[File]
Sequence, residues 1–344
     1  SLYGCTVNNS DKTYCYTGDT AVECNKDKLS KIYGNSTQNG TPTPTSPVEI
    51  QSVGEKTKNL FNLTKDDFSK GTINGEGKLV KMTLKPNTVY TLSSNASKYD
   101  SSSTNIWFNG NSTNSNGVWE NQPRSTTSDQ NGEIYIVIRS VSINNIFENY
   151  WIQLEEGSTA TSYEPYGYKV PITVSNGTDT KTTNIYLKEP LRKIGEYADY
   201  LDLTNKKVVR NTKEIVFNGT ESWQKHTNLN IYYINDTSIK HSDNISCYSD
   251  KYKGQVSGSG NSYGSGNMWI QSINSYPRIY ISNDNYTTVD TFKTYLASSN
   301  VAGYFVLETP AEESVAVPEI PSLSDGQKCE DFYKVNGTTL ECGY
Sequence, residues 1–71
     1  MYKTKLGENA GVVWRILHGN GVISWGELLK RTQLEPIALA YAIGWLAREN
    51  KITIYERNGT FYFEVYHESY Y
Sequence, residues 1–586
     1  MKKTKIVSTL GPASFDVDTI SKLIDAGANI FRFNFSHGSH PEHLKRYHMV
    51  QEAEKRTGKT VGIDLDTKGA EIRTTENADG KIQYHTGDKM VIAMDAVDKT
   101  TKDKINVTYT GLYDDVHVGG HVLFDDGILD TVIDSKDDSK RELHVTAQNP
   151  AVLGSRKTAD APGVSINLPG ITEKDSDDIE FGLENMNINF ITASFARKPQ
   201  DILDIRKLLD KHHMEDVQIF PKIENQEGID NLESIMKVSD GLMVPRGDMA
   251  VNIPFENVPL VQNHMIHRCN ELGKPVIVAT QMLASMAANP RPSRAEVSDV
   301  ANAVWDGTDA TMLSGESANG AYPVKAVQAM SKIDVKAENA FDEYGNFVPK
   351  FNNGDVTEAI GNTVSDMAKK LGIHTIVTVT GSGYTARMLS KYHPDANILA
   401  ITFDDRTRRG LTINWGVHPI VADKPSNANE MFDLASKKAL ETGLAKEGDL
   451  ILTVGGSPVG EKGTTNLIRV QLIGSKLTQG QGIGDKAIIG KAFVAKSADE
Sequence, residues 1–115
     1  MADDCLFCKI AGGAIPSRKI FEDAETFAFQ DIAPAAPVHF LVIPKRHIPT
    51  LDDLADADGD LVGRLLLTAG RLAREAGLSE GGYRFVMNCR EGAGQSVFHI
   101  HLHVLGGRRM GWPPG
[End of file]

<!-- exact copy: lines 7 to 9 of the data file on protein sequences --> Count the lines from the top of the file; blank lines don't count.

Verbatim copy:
   251  KYKGQVSGSG NSYGSGNMWI QSINSYPRIY ISNDNYTTVD TFKTYLASSN
   301  VAGYFVLETP AEESVAVPEI PSLSDGQKCE DFYKVNGTTL ECGY
Sequence, residues 1–71